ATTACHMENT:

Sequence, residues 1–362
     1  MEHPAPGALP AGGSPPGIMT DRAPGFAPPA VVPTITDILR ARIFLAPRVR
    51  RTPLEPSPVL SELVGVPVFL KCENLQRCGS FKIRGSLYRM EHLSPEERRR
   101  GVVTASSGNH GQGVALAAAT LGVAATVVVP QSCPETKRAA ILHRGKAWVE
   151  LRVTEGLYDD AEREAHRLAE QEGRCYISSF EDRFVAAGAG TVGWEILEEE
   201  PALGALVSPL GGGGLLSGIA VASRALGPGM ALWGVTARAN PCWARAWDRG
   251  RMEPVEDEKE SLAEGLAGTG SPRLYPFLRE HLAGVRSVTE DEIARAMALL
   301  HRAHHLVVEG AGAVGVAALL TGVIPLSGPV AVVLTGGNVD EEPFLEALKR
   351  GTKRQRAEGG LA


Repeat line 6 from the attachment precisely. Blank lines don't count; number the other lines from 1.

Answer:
   201  PALGALVSPL GGGGLLSGIA VASRALGPGM ALWGVTARAN PCWARAWDRG